Many residents on the West Shore enjoy the area’s various parks

Parks hidden treasures on the West Shore

Discover a new favourite spot or rediscover an old one

The Goldstream News Gazette spoke to several mayors and councillors in search of hidden park gems in the West Shore.

Responses ranged from the familiar to the obscure, but all shared their favourites, sometimes with a childhood story on some of the best places in our own backyard.

Ken Williams – Mayor of Highlands: Highlands resident for 27 years

Williams calls Highlands a “cornucopia of park treasures,” with almost 40 per cent of this rural community designated as park land. While he said there are too many to mention them all, he pointed to one with a 360-degree view of the municipality that he especially enjoys.

“One of my favourite places … is Lone Tree Hill. It’s within walking distance to where I live and after a short, but vigorous hike up the trail, there is a plethora of cozy spots to rest and enjoy the peace and beauty of the Highlands vista,” he says. “The experience never fails to inspire me and I always come away with more energy than I used to get there and back home.”

Others he enjoys include Gowlland Tod Provincial Park, Mount Work Regional Park, which has a large area within the Highlands, and Scafe Hill, which is part of Thetis Lake Regional Park.

Moralea Milne – Metchosin Councillor: Metchosin resident for 26 years

The moss-laden trees on one of Milne’s favourite walks are “almost primeval,” and the air there almost seems steeped in antiquity, she says.

“One of the most magical walks I take is from Roche Cove, along the Galloping Goose, to Metchosin Creek and to Matheson Lake,” Milne says.

The Roche Cove walk, between four and five kilometres, begins at the parking lot off Gillespie Road, but she warns suitable footwear – i.e. more than flip-flops – is needed for the somewhat steep descent. She also reminds that anyone using the area must bring out any garbage they create.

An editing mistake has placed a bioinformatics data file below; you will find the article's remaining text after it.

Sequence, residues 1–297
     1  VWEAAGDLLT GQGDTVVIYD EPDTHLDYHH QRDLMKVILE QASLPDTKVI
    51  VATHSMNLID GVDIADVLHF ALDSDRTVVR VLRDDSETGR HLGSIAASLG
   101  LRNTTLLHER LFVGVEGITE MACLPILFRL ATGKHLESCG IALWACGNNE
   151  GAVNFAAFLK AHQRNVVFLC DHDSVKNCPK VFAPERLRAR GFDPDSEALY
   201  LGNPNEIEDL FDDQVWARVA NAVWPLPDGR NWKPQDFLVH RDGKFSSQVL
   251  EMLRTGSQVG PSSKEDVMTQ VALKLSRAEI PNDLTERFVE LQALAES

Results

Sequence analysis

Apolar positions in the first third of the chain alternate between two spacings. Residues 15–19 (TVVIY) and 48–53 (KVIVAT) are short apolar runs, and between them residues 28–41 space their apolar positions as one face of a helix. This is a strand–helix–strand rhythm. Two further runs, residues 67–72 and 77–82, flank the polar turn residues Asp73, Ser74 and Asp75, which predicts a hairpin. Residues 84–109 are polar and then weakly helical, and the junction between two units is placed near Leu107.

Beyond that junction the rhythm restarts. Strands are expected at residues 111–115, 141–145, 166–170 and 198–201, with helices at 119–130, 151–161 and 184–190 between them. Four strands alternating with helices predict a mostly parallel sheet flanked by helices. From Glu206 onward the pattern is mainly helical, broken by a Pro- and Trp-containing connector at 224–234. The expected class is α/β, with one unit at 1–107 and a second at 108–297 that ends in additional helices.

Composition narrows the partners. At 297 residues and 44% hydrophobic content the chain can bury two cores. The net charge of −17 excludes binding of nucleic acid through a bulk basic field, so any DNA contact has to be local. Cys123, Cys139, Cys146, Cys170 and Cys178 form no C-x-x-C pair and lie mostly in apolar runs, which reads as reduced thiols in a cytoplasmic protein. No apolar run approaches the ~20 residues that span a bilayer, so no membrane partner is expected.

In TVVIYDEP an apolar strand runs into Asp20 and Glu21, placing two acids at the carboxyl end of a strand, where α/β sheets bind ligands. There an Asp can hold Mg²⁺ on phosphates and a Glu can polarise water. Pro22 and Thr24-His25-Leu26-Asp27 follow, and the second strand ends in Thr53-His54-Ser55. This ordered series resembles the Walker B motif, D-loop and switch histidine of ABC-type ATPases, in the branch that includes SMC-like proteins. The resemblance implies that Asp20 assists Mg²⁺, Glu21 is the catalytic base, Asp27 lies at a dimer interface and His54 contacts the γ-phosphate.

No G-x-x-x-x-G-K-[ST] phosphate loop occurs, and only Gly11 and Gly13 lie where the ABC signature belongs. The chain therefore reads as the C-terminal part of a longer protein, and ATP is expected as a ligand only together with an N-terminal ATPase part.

“It’s a lovely spot to spend some time in quiet appreciation. As you climb back up the path, take the turn to the right and you will follow Metchosin Creek to its beginning at Matheson Lake,” she says. “Along the way you will find yourself immersed in a true West Coast rain forest experience.”

One can view the inner expanse of Roche Cove as you head east along the Goose, passing through Garry oak bluff habitat. Matheson Lake emerges before long. Continuing to the right takes you around the lake and eventually back to the Goose, but a shorter trail to the left, accessed about 100 yards back on the main trail, provides a shorter route that will return you more quickly to the Goose.

Stew Young – Mayor of Langford: Langford resident for 55 years

Young, who has lived in Langford his whole life, says despite being known for its active development scene, the city has some family-oriented park gems of its own.

“Growing up around here, you look around and there wasn’t much going on for kids and I think our stigma carries on,” he says. “We are not known for those things out there, but we have put in more spray parks and things for kids to do than anywhere.”

Glen Lake Park, which includes a playground and a waterfront area that continues to be popular with residents, is one of many little getaways within the city. Lesser-known spaces exist, including a beach area hidden off the Galloping Goose near the other end of Glen Lake.